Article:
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The Online Blade Runner Fan Club    
BladeZone Presents
Cinefantastique 1982

A (Flying) Car Is Born
Auto customizer Gene Winfield builds the first two dozen vehicles of the 2019 model year.

       To build the futuristic autos of Ridleyville, Ridley Scott turned to car customizer Gene Winfield perhaps best known for building the full-size Galileo shuttlecraft for the STAR TREK television series.
       With a crew of 35 Winfield created more than two dozen full-size vehicles The cars featured fiberglass bodies and a VW chassis except for the larger vehicles, which were built on the frame of Dodge vans.
       Originally they suggested that I use the engine and frame of a Camaro," said Wrinfield "But I recommended Volkswagons because they re air cooled – you don t have to worry about a radiator – and because they’re rear-engine. It would be a tremendous problem getting the Camaro’s largs engine within the needed body shapes."
       Winfield's greatest challenge involved the building of four full-scale Spinners including two that could be driven like regular cars, and one that could to appear to take off. Although Winfield’s Spinners didn't really have to fly, their odd shape and mechanical requirements – including hydraulically-operated doors that lifted up and away – required a sizeable portion of his $800,000 budget.
       Construction began with blueprints (top), which had been prepared for the miniature makers From the plans,a full-scale wooden mock-up was assembled from which molds were taken to create the fiberglass body pieces.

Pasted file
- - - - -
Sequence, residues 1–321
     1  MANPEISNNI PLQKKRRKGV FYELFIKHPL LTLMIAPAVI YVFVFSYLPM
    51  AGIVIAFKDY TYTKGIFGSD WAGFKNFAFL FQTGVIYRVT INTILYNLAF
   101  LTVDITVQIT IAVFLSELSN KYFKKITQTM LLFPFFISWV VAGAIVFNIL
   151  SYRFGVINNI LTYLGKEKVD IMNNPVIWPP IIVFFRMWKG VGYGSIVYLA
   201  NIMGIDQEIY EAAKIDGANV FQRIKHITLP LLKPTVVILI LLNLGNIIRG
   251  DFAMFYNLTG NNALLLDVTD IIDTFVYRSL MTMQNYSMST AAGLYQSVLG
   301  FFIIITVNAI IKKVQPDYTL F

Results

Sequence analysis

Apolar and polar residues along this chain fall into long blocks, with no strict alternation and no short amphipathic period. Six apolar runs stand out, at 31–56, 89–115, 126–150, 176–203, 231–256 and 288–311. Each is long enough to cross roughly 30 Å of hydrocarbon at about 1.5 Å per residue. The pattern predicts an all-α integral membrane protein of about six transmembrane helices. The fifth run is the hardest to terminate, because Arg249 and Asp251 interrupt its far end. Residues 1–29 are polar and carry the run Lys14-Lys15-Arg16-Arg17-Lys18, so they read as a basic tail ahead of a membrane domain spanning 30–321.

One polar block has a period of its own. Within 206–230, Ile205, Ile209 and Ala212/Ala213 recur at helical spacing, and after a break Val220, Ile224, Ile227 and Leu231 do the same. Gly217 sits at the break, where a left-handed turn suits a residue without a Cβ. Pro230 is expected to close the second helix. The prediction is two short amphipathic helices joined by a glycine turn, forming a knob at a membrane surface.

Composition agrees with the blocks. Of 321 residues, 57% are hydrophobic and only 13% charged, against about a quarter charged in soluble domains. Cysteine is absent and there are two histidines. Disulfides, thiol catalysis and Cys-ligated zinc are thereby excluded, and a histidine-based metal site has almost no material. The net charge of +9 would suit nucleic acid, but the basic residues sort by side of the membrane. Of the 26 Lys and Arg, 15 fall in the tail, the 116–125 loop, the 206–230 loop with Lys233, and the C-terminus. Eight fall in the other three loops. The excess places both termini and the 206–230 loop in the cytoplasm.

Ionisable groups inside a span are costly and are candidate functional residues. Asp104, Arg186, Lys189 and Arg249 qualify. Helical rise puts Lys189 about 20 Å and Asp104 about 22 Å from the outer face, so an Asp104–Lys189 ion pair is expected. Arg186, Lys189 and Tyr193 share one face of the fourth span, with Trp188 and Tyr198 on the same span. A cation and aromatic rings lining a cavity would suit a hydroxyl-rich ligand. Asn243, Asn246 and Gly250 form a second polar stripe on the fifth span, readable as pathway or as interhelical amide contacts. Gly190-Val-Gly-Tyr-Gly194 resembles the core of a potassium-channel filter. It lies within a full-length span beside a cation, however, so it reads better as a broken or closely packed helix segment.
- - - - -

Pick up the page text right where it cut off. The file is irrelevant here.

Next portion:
It took about four weeks to completeiy assemble each car, including the installation of the necessary hydraulics The "street’ Spinners used a standard VW engine and rear suspension, with a custom tubular steel chassis up front.
       The ‘flying" Spinner was built from scratch over an all-aluminum frame to save weight. Designed to be picked up by a crane to simulate flight extra hydraulics were installed to match the capabilities of the miniatures: the front wheels folded into the car, flaps dropped into place and moveable body sections channeled out jets of steam and carbon-dioxide.
       "We also heavily detailed the bottom with tubes hoes and other paraphernalia so it would be interesting to look at," Winfield said.

All of Winfield's cars were freshly painted and (except for the fiying Spinner) ready to drive when they left his Canoga Park workshop. They looked so good, in fact, that the art department often had to ' dirty down’ the cars, adding dents, grime and rust to make them appear older.
       "You hate to see that sort of thing happen," Winfield said, "but I understood. They just wanted them to look as realistic as possible."


The Flying Spinner featured a custom made aluminum frame (top right) and sophisticated hydraulic controls. Based on blueprints originally prepared for the miniature crew, a full-size wooden mock-up was built (center right), from which the finished fiberglass pieces were molded Body panels were then Individually bolted onto the chassis (bottom right).









LEFT Len Hokel, finishes up the detailing in the cockpit of a Police Spinner Two wooden boards prop open the hydraulic doors.




BELOW The completed Spinner as it looked when it left Gene Wlnfield’s workshop Art department crews"later covered the vehicle with decals, extra hardware and dirt (see photo, page 35)

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